\usetikzlibrary{arrows, arrows.meta, patterns, shapes.geometric, decorations.shapes, shapes.misc, graphs, mindmap, calc, backgrounds}


\definecolor{col1}{RGB}{2, 35, 54}
\definecolor{col2}{RGB}{15, 184, 184}
\definecolor{col3}{RGB}{178, 209, 107}
\definecolor{col4}{RGB}{199, 186, 99}
\definecolor{col5}{RGB}{174, 137, 199}
\definecolor{col6}{RGB}{59, 148, 126}
\definecolor{col7}{RGB}{77, 148, 255}
\definecolor{col8}{RGB}{230, 229, 202}
\definecolor{col9}{RGB}{61, 69, 67}

\foreach \x in {0,36,72, ...,324}{
%wavy background
\draw[col1, fill=col1, rotate=\x, scale=.8] (0,0) -- (22.5:3.5) to [bend left=40] (-22.5:3.5) -- (0,0)--cycle;

%wavy dots
\draw[decorate, decoration={shape backgrounds, shape=circle, shape size=.8mm, shape sep=1.512mm}, col3, fill=col3, rotate=\x, scale=.77] (18:3.5) to [bend left=40] (-18:3.5);

\draw[col4, fill=col4, rotate=\x+18, yshift=2.2cm, scale=.2] (-1,1) ..
controls (-0.5,0.5) and (0.5,0.5) .. (1,1) .. controls (1.5,2) and (0,2) .. (0,2.5) .. controls (0,2) and (-1.5,2) .. (-1,1) --cycle;

\draw[col5, line width=1.5, rotate=\x, yshift=1.75cm, scale=.75] (0,1) .. controls (-0.5,0) and (0.5,0) .. (0,1) --cycle;

\begin{scope}[rotate=\x, xshift=2.1cm, scale=.3]
\draw[col7, fill=col7] (0,-1) .. controls (-0.5,-1) and (-0.5,1) .. (0,1) ..controls (-1,1) and (-1,-1) .. cycle;
\draw[col7, fill=col7] (0,0) circle (.25);
%pipal leaf
\draw[col8, line width=1, rotate=\x, xshift=1.35cm, scale=.15] (0,0) .. controls (-1,0.5) and (0,1.5) .. (1,1) .. controls (2,0.5) and (1.05,0.1) .. (2.1,0) .. controls (1.05,-0.1) and (2,-0.5) .. (1,-1) .. controls (0,-1.5) and (-1,-0.5) .. (0,0)--cycle;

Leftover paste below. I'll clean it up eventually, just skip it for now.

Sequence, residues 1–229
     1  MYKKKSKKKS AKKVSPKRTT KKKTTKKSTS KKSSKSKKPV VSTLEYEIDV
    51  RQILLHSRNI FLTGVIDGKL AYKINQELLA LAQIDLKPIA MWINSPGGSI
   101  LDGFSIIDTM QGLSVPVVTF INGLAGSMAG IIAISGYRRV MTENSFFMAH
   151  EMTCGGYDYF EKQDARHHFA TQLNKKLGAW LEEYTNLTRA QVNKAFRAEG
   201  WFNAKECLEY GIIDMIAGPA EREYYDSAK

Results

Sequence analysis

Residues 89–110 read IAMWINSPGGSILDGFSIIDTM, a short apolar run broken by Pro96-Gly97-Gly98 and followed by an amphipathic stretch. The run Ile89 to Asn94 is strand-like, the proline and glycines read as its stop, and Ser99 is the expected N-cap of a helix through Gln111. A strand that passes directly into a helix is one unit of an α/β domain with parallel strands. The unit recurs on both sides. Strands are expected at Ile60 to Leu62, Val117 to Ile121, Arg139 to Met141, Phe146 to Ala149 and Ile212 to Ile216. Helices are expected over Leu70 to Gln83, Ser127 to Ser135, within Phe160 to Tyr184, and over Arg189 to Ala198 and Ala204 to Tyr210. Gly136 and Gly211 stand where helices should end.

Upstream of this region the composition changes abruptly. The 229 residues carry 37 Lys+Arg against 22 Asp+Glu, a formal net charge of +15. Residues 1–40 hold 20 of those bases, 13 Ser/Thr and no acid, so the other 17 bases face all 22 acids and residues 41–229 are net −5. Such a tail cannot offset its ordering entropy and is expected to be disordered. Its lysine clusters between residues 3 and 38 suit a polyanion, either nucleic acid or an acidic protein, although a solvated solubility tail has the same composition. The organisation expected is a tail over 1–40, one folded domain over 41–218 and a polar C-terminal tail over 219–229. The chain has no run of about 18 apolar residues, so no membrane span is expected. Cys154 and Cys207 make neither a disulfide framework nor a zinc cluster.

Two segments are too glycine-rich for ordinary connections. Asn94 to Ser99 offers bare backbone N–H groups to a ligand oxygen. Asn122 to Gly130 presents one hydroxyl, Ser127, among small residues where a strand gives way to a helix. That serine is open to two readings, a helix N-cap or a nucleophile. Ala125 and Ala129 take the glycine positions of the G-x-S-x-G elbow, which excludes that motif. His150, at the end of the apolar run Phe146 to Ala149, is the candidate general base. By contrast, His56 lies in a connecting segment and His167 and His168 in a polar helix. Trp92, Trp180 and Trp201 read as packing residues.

\begin{scope}[col3, rotate=\x+18, xshift=1.3cm, scale=.5]
\draw[line width=\w] (0,0) to[bend right=\y] (1,\z);
\draw[line width=\w] (0,0) to (1,0);
\draw[line width=\w] (0,0) to[bend right=-\y] (1,-\z);
%dot in petal
\draw[col8, fill=col8, rotate=\x+18, xshift=2.1cm] (0,0) circle (.05);

%dot in pipal
\draw[col8, fill=col8, rotate=\x, xshift=1.46cm] (0,0) circle (.05);

\draw[col6, fill=col9, line width= 3, scale=.75] (-1.5,0) .. controls (-1.5,-2) and (2,1.5) .. (0,1.5) ..controls (-2,1.5) and (1.5,-2) .. (1.5,0) ..controls (1.5,2) and (-2,-1.5) .. (0,-1.5)..controls (2,-1.5) and (-1.5,2) .. cycle;

\foreach \x in {0,90,180,270}{
%releaux triangle
\begin{scope}[rotate=\x, xshift=.75cm, scale=.25]
\draw[col3, fill=col3] (-.5, -0.8660254) to[bend right=\y] (1,0) to[bend right=\y] (-.5,0.8660254) to [bend right=\y] (-.5, -0.8660254) -- cycle;
\draw[col1, fill=col1, xshift=.07cm] (0,0) circle(.3);

%central circles
\draw[col2, fill=col2] (0,0) circle (.45);
\shade[inner color=col8,outer color=black] (0,0) circle (.25);

Figure 1.

This example uses decadal symmetry with central tetrad element. In our subjective experience tetrad symmetry can be paired with other even symmetries as long as they central or the exterior most elements.

Figure 2.

Ideally all repeated motifs should have at least bilateral symmetry. However, one can get away with a layer or two of elements with just rotational symmetry, like the “S” element in Figure 2. The choice of color is another very important element — we like a degree of contrast in all the piece. Appended below are a range of productions illustrating different color choices.

Figure 3.

Figure 4.

Figure 5.

Figure 6.